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The Benefits of Using Drones in Oil and Gas Inspection

Drone technology has exploded over recent years, with its use being embraced by many key industries. In the field of oil and gas, they’re particularly suited for the collection of remote visual data during the inspection of internal assets, amongst other things.

It won’t come as any surprise that the use of drones within the industry is increasing. For many years they’ve been a valuable tool for external inspections. Equip a drone with methane and optical gas imaging capability and it’s the perfect tool for detecting gas leaks, something that many operations are taking advantage of.

While drone use has increased dramatically, many have still to understand their inside capabilities. Obstacles to their use have historically involved difficulty in navigation within an enclosed space, damage to the drone if it came into contact with the structure and the issue of attaching the necessary hardware to a vehicle small and agile enough to navigate within a confined area. However, advances have brought appropriate solutions to the field, such as the Elios 2 by Flyability, that have proven a massive success for the easy collection of high-quality inspection data.

Indoor Assets that are Successfully Being Surveyed with Indoor Drones

Every maintenance manager knows the amount of work it takes to prep for a traditional asset inspection. Extended shutdown, scaffolding, rope teams, breathing apparatus… The list is lengthy and requires a tremendous amount of logistical effort, not to mention loss of revenue.

Remove the need for human entry into a confined space and the vast majority of effort disappears. Some of the places indoor drones are proving their worth include refineries, jetties, drilling ships, offshore rigs, chimneys, smokestacks and more.

It’s not just the safety and speed aspects that drone surveillance can overcome. There are many other benefits that come from taking to the air.

  • Better access: Indoor drones are designed to navigate the tightest of confined spaces, getting closer to the structure and capturing images and data in far more detail than a human can. This is because these drones are designed specifically for the job in hand. Tools, such as the aforementioned Elios 2, have a protective cage that’s integral to its design. This means it can literally bump into a wall and slide along it to carry out the inspection. The high-definition images and video captured allows remote inspectors to get superior imaging from the very best vantage points.
  • Increased safety: When removing the need for human access, you also get rid of practices that damage the integrity of the asset itself. For example, inspections that warrant inspectors to enter via rope access often require a hole to be cut into the structure in order to obtain entry.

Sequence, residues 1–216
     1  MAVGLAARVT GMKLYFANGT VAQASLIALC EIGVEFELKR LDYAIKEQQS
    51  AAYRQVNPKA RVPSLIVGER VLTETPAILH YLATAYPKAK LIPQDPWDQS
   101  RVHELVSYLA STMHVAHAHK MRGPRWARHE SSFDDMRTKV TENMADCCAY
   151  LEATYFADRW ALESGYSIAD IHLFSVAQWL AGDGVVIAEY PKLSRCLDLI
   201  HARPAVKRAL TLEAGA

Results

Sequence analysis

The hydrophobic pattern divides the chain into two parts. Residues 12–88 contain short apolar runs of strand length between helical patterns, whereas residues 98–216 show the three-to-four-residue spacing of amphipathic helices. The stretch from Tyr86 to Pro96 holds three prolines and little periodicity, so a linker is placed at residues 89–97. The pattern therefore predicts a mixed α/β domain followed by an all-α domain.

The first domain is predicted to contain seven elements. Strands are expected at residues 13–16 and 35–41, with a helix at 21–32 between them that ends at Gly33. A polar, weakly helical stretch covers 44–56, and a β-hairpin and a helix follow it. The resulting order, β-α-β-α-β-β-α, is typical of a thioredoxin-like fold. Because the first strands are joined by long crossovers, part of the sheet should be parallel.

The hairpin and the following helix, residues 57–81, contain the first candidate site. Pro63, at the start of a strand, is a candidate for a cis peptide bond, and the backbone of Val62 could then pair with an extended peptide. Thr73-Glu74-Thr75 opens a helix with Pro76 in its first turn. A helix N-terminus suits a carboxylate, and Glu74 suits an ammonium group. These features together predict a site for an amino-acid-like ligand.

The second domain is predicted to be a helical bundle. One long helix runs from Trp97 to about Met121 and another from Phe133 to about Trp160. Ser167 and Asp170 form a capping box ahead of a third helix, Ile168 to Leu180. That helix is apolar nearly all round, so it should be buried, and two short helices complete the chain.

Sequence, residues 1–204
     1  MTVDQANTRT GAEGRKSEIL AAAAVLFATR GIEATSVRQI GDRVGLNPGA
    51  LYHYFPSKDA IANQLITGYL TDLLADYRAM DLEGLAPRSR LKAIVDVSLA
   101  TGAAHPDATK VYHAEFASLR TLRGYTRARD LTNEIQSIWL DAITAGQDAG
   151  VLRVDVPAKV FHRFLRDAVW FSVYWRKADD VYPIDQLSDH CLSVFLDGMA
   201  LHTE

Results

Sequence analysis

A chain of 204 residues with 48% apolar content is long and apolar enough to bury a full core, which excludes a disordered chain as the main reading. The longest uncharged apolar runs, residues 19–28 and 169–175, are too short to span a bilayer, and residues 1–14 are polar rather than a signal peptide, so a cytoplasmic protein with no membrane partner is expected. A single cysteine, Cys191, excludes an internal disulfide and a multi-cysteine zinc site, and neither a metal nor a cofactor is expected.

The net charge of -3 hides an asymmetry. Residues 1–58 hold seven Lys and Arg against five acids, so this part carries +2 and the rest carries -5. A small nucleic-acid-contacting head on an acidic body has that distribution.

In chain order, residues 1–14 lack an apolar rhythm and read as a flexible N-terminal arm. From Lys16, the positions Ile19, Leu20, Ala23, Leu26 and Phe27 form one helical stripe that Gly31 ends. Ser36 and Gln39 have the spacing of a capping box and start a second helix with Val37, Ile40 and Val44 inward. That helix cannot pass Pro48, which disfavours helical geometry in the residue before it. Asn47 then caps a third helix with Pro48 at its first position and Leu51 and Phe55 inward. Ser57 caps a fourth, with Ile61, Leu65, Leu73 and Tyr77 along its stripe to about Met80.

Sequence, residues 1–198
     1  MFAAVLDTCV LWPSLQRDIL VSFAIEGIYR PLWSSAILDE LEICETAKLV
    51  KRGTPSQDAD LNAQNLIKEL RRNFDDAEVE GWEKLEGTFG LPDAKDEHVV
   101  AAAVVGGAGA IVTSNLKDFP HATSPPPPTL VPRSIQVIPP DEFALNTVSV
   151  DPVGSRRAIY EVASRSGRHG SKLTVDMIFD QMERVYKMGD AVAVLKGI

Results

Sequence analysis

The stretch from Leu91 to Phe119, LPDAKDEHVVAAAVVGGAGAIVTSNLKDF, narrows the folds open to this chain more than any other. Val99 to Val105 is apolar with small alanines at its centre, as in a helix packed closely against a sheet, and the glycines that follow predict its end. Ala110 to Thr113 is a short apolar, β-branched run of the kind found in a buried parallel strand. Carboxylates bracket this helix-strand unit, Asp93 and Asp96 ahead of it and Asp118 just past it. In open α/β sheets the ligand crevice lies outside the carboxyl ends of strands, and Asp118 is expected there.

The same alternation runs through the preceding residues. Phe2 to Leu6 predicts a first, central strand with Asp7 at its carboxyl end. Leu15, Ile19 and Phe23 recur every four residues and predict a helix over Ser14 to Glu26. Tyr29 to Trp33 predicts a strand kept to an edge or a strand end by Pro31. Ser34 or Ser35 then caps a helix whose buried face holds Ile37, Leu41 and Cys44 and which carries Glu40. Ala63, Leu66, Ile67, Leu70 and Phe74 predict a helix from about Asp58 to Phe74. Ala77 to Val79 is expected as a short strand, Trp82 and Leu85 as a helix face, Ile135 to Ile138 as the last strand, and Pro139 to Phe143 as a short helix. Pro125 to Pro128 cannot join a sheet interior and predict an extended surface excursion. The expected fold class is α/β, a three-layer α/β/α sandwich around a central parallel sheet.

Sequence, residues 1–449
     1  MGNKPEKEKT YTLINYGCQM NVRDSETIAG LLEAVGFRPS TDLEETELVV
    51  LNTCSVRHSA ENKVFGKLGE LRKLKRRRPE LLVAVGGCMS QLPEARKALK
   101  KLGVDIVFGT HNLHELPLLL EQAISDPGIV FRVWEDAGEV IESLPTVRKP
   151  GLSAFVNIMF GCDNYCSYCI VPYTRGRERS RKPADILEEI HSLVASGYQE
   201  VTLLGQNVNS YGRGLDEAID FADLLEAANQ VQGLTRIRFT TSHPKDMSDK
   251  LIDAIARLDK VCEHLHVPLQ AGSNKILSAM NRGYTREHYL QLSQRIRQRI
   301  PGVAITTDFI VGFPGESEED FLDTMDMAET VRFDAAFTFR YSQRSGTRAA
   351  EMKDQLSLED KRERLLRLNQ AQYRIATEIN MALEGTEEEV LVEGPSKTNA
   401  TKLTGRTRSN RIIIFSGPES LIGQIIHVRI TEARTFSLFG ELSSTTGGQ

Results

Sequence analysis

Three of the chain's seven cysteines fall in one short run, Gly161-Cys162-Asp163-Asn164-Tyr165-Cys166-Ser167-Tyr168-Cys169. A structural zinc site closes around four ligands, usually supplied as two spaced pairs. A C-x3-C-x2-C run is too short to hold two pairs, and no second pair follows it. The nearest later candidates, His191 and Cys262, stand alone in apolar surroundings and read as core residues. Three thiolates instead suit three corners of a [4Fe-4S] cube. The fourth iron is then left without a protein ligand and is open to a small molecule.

• Improved visual data: Continuing to use the Elios 2 as an example, the payload of the drone allows for HD 4K video, excellent lighting features and advanced stabilisation, meaning inspectors can easily monitor areas of concern and plan appropriate maintenance.
  • Proactive maintenance: Thanks to the ease of indoor drone inspection, increasing the frequency becomes something that can be scheduled into a maintenance programme. This allows for better detection of corrosion and wear, as well as an improved ability to plan repairs and maintenance to be carried out at the appropriate time. This, in turn, reduces emergency works in the case of unexpected failure and all the associated expense (and safety) issues this brings.
  • Easily shared data: In conjunction with advanced software that’s specifically produced for the purpose, inspectors can share this with those who need it. In addition, the data is pinpointed to an exact spot within the asset, meaning future inspections can easily return to the same location to be reassessed.
  • Monetary savings: All of the above leads to saving costs that can add up to eye-wateringly large amounts. Drone inspection typically takes a fraction of the time of a traditional inspection, and savings of up to 96% are commonly reported. 

While it’s true that indoor drone inspections in the past have been more about ‘what if’, rather than returning results. It appears that this now certainly isn’t the case. Utilising custom-designed tools, such as the Elios 2, is becoming something that many maintenance teams are turning to. 

With the increased data quality, savings and speed that they offer, the oil and gas industry is ripe to take advantage. And those who do so will reap the benefits. We’re not saying that the scenario of human-led internal inspection is at an end. But it appears that their days are definitely numbered…

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